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What Is Carpal Tunnel Syndrome?

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Carpal Tunnel Syndrome is basically a pinched median nerve that occurs on the palm side of the wrist that innervates the 3 middle fingers and thumb. Symptoms start gradually with tingling, numbness, burning and swollen feeling in the fingers. As CTS worsens, difficulty in sleeping and distinguishing hot from cold, grip weakness, pain shooting up the arm may occur.

If tingling/numbness primarily affects your thumb, index, third, and ring fingers, it very well could be Carpal Tunnel Syndrome, or CTS. Chances are you’ve probably had this condition for months or even longer, but it’s been more of a nuisance than a major problem and therefore, you probably haven’t bothered having it checked out.

Let’s take a look at some facts about CTS!

What Is Carpal Tunnel Syndrome?

Carpal Tunnel Syndrome is basically a pinched nerve (the median nerve) that occurs on the palm side of the wrist that innervates the three middle fingers and the thumb on the palm side. This nerve starts in the neck, runs through the shoulder to enter the arm, and travels down the palm side forearm through the carpal tunnel.

The carpal tunnel is made up of eight small bones (called “carpal bones”) that form the roof and walls of the tunnel. The floor of the tunnel is a ligament called the transverse carpal ligament. The median nerve lies immediately on the floor, and deeper inside the tunnel are nine tendons that connect the muscles of our forearm to the fingers, which allow us to make a fist and grip.

When swelling occurs inside the tunnel, the nerve is pinched against the floor (ligament) and symptoms occur.

Symptoms Of Carpal Tunnel Syndrome

Symptoms start gradually with tingling, numbness, burning, itching, or a “half-sleep” feeling in the palm of the hand, thumb, and middle three fingers. The fingers can feel swollen and weak, though swelling is usually not visible.

It can occur in one or both hands, but it is usually worse in the dominant hand. Initially, you may only notice symptoms at night or in the morning. As CTS worsens, sleep interruptions, grip weakness, difficulty distinguishing hot from cold, increased pain, pain radiating up the arm, and more may occur.

Causes Of Carpal Tunnel Syndrome

There are many causes of CTS that often occur in combination:

  • Heredity or genetics – being born with a smaller wrist than others;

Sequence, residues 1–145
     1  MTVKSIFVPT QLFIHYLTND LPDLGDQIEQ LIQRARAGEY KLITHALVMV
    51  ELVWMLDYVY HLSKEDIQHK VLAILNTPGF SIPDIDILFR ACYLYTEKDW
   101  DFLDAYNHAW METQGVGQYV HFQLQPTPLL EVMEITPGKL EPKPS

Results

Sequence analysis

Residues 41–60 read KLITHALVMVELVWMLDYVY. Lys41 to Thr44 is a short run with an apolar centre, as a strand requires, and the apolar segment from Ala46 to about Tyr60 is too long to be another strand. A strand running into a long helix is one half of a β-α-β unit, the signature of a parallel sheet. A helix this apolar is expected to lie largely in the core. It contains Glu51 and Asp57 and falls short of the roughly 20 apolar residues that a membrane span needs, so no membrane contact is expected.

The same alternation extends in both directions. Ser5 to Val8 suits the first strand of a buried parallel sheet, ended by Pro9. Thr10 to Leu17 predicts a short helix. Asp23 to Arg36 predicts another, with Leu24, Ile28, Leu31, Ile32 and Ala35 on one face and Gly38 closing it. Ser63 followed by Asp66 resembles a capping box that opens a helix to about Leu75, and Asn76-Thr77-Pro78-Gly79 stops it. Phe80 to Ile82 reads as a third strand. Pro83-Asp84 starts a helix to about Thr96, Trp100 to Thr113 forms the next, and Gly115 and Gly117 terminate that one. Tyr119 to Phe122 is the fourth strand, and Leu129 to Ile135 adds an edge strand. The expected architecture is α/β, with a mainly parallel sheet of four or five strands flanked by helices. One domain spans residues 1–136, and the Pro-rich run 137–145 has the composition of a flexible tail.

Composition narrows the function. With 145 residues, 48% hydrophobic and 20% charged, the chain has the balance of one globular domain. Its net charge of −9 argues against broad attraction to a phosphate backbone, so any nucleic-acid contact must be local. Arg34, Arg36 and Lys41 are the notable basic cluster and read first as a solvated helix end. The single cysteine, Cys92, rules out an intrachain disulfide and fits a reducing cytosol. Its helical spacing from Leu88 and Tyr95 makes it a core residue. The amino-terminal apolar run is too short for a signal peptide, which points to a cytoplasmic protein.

• Trauma – a fall on the arm/hand (sprain or fracture);
  • Overuse of the arms/hands – like repetitive line work, serving tables, or using a computer;
  • Hormonal causes – during menstruation, with pregnancy, during menopause, diabetes, hypothyroid, overactive pituitary gland
  • Rheumatoid arthritis;
  • Fluid retention;
  • Cysts, tumors, or spurs inside the tunnel;
  • Vibrating tools;
  • Hobbies such as knitting, sewing, crocheting;
  • Sports or
  • An “Insidious” or unknown cause!

Capal Tunnel Syndrome Risk Factors

  • Women are three times more likely to develop CTS, possibly because they generally have a smaller carpal tunnel than men, in addition to hormonal differences;
  • Diabetes or other metabolic disorders;
  • Adults, especially >50 years old; and/or
  • Job demands.

Diagnosis

Your doctor of chiropractic will review your patient history and then evaluate the neck, shoulder, arm, and hand, as all can be involved in producing CTS-like symptoms. S/he may also order blood tests (to check for diabetes, thyroid levels, rheumatoid arthritis, etc.) and/or an EMG/NCV (electromyogram/nerve conduction studies) to test for nerve damage.

Dr. Blake Kalkstein DC, MS, CCSP, TPI, ART

While earning his D.C. degree, Dr. Blake worked as a chiropractic intern at the Walter Reed National Military Medical Hospital in Bethesda, MD where he had the privilege to work in the amputee rehabilitation center. Dr. Blake’s post graduate sports medicine internship with John’s Hopkins Sports Medicine orthopedic surgeons allowed him to observe all types of injuries. Guidance from Dr. John Wilckens, team orthopedist for the Baltimore Orioles and his internship supervisor, led Dr. Blake to better understand advanced orthopedic and sports injuries and ways to appropriately manage each condition.

Dr. Blake Kalkstein DC, MS, CCSP, TPI, ART

While earning his D.C. degree, Dr. Blake worked as a chiropractic intern at the Walter Reed National Military Medical Hospital in Bethesda, MD where he had the privilege to work in the amputee rehabilitation center. Dr. Blake’s post graduate sports medicine internship with John’s Hopkins Sports Medicine orthopedic surgeons allowed him to observe all types of injuries. Guidance from Dr. John Wilckens, team orthopedist for the Baltimore Orioles and his internship supervisor, led Dr. Blake to better understand advanced orthopedic and sports injuries and ways to appropriately manage each condition.

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